Russian Patients and Doctors at the Hospital. Between Paternalist Expectations and Discriminatory Practices
A report by Veronica Kostenko at the regular LCSR seminar
On February 27th Veronica Kostenko (LCSR junior research fellow) presented a proposal of a new research project “Russian Patients and Doctors at the Hospital. Between Paternalist Expectations and Discriminatory Practices” at the regular LCSR seminar.
This project is developed by Veronica together with Eduard Ponarin (LCSR Director) and Boris Sokolov (LCSR junior research fellow). The objective formulated by Veronica, Boris and Eduard is to conduct empirical research of attitudes towards welfare system in Russia. They posit that healthcare is a promising field for studying general attitudes towards welfare state. Therefore, they focus on public perception of performance of healthcare system in Russia and population preferences for health care reform.
This project embraces several specific directions; the first one is focused on the analysis of attitudes towards different types of health care systems among patients of Russian hospitals. It might be useful for answering the question whether Russian citizens are ready to pay high taxes in order to improve healthcare system (or support progressive taxation as well), or they want to pay for their medical treatment directly to the doctors. In other words, which healthcare system, statist or capitalist, seems to be more attractive for Russians?
The second direction within the project is the study of discrimination Whether medical staff discriminate against different social and ethnic groups, and, if so, which groups are at greatest risk? Researchers assume that discrimination, if it exists, can affect both patient’s attitude towards healthcare system and (potentially) her/his health outcomes.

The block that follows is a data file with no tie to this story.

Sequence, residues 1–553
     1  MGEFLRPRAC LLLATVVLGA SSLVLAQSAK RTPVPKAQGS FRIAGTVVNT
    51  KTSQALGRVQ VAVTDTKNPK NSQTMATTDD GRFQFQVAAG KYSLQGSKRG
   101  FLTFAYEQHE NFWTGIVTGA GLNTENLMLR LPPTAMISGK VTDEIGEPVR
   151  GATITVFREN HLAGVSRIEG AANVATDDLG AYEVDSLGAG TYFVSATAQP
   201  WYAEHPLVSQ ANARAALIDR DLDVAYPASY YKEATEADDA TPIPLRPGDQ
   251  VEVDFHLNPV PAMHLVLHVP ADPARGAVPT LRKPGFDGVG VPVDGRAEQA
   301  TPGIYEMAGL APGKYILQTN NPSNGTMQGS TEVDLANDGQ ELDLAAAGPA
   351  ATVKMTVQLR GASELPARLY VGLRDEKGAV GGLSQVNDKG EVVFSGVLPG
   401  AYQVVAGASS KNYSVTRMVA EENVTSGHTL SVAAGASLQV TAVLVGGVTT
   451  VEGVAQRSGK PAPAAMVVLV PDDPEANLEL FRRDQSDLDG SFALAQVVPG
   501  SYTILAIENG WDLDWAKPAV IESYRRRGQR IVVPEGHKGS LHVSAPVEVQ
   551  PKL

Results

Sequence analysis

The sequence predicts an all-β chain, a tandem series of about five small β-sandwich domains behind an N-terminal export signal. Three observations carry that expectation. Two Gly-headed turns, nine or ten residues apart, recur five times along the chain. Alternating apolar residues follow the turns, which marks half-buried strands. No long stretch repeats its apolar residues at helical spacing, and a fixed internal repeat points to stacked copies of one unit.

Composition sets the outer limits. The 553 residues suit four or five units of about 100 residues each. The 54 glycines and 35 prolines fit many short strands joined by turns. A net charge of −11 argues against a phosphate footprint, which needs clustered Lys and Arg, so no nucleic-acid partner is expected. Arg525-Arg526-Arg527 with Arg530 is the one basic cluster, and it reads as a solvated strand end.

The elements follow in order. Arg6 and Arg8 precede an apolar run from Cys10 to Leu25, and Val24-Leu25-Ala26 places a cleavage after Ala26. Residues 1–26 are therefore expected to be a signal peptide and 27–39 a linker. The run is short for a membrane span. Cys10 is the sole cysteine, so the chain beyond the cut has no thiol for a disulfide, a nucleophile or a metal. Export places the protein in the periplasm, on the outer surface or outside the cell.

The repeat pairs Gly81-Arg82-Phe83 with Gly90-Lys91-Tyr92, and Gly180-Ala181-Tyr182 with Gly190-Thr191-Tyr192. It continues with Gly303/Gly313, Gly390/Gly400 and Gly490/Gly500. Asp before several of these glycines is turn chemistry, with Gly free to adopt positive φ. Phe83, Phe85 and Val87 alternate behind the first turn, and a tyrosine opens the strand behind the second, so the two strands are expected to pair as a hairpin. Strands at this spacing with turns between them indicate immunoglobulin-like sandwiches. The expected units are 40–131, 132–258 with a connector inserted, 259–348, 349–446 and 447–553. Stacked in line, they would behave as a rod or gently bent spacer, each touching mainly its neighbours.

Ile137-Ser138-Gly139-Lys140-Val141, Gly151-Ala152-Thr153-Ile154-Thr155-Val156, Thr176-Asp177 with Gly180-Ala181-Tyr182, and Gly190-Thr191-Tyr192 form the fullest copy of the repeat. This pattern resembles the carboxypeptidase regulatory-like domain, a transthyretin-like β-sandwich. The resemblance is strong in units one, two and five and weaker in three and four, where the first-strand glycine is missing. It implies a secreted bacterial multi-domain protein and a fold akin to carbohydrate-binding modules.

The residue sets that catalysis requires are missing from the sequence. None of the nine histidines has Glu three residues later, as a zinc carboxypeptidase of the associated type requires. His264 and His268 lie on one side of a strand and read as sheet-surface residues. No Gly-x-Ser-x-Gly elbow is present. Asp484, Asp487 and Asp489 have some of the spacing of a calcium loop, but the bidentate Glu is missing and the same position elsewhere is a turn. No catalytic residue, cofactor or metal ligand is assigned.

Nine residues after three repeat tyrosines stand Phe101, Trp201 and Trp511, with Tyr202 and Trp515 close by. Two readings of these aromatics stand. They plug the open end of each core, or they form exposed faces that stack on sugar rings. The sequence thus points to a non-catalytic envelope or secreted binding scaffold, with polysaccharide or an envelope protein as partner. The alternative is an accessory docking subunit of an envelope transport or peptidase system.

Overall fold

The third important direction of the research project is the investigation of the relationships between individual psychological traits, values, socio-economic factors and population attitudes towards redistribution and welfare state, which may contribute to several fields of research in contemporary sociology and social psychology.
The authors suppose to use a factorial survey method and multilevel modelling which allows using quasi-experimental approach and obtaining more precise results in comparison to other sociological surveys. It is worth noting that qualitative methods are prevalent in Russian sociology of medicine today. Application of quantitative methodology may provide deeper knowledge about Russian healthcare system and its perception by population.
The speaker underlined that the most important goal for the project at this stage is to find an acceptable solution for the major methodological problems of the presented design. One of the main issues is sample randomization because age and social status of patients of Russian hospitals are seriously biased, compared to whole population. Furthermore, quality of medical services and consequently subjective evaluation of healthcare system may depend on type of medical insurance that patient has (compulsory insurance, which is obligatory for all Russian citizens, or voluntary insurance, which is usually bought by people with relatively high status and income). In order to decrease the effect of insurance type on attitudes towards the health care system, the sample is divided on two groups which will be studied separately.
Finally, the possibility of social desirability bias should be taken into account. A direct question – whether the patient experienced discrimination in hospital – is obviously unacceptable, because patients are likely to suppose that their answers may affect medical staff attitude towards them. The using of factorial (vignette) design is one of the possible ways of overcoming this problem.
by Olesya Volchenko